quitte dhlmself creditably at Mon
mouth, In Virginia, and In the
aiege of Torktowa.
In 1780. he prepared this man
ual for the army, which came into
general use. Its rulea are followed
yet;- In the American armies, and
in those of other countries,
j After the war, grants of land
were voted to Baron Steuben by
several states, and congress voted
him a tardy annual pension of
, 82400. He retired to the grant
or land from New York, on the
present alte of Utica la that state
A monument to Baron Steuben
has been erected at Utica. , '
s It has come to the knowledge
or Mr. Boise, in the past tew days,
that such original cop!esbf Baron
Steuben's book are worth $1000.
This one is not for sale at all. -
; Are there other 81000 books in
taiemr mere are a number un
der lock and kep In the state 11
hrary, long since out of print, that
are worth a good many times their
original cost. .
V ; -' . .
jg3 Jcexkm 'BEYOND IQNDQNS UGfflS'CEl
(Continued from page 1
in the November presidential elec
The . committee unanimously
adopted resolutions pledging sap-
port to Harvey O. starsweatner
for representative in tne nrsi con
gressional districts A resolution
attacking Representative uawiy.
republican, declared that he fav
ors New - jsngiana manuisciones
over . Oregon - farmers. : - various
speaqers declared there Is more re
publican defection In Oregon than
ever before and that the chances
of carrying Oregon tor Smith are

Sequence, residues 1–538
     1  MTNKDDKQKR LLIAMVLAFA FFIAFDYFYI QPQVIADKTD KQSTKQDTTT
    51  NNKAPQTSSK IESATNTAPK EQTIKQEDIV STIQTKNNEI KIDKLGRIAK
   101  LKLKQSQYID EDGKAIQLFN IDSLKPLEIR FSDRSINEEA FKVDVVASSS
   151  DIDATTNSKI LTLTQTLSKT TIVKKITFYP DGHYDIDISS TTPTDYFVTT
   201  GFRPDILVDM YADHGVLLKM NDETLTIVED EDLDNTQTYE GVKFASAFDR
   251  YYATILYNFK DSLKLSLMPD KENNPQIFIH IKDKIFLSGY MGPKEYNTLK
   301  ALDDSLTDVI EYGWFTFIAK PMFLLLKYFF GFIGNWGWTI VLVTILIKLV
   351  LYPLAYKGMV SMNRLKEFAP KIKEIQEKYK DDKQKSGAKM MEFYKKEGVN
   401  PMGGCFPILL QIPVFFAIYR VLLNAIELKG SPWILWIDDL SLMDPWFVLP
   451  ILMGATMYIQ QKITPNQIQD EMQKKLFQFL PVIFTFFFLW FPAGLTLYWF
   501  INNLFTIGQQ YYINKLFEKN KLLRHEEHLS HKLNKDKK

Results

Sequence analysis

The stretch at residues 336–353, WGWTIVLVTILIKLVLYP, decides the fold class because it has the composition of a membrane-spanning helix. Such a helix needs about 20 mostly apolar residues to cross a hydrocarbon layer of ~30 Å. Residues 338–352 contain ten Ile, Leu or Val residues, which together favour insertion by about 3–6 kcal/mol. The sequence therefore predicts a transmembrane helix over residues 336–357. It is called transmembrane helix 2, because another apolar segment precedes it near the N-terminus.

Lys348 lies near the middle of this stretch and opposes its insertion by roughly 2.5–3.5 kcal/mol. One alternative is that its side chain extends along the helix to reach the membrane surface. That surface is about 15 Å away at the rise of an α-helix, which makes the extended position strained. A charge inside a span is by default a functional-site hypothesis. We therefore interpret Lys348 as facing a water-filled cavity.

therefore excellent. ,
The contest for chairman . was
three-cornered and spirited. -The
balloting showed 21 rotes for W.
C. Culbertson. ? for L. L. Langley
and S for Gilbert Hedges. .
The personnel' of the committee
was aa follows:
Baker: William Duby, by John
D. Mann, proxy; Benton, H. E.
Walter, Corral! Is; Clackamas. Al
A. Price, Oregon City; Clatsop,
Fred- TheIL ABtorla; Columbia,
John L. Storia. St. Helens; Coos,
Hugh McLaln. Marshfield; Crook.
M. R. Biggs, Prtneville; Deschutes
Roes Farnum, Bend; Douglas, R.
R. Turner, .Proxy; Gilliam, James
D. Burl. Condon: Grant. George
F. Alexander, proxy; Harney, Sam
Mothershead. Burns; Hood River.
George R. Wilbur, Hood River;
Jackson. J. R. Bowen, Rogue Riv
er; Jefferson, Harry Gard, Pprt-
mna; josepnine, jotm van zante.
proxy; Klamath, Claude McCol
locb, Klamath Falls, by C. V. Gal
loway, proxy; Lane, Fred Fisk.
Eugene.' by . Alex , Sweek. . proxy;
Lincoln, Mrs. Rosemary Schenck.
Toledo; Lian. Arthur K. ' McMa
han. Albany: Malheur Tom Jones.
Ontario, by John Van Zante proxy;
Marlon, August Huckesteln, Sal
em; Mornson Hughes, Reppner;
Multnomah. GUbert E. Hixaker,
Portland: Polk, R. R. Turner.
Dallas: Tillamook; Umatilla. Will
M. Peterson, - Pendleton, by Will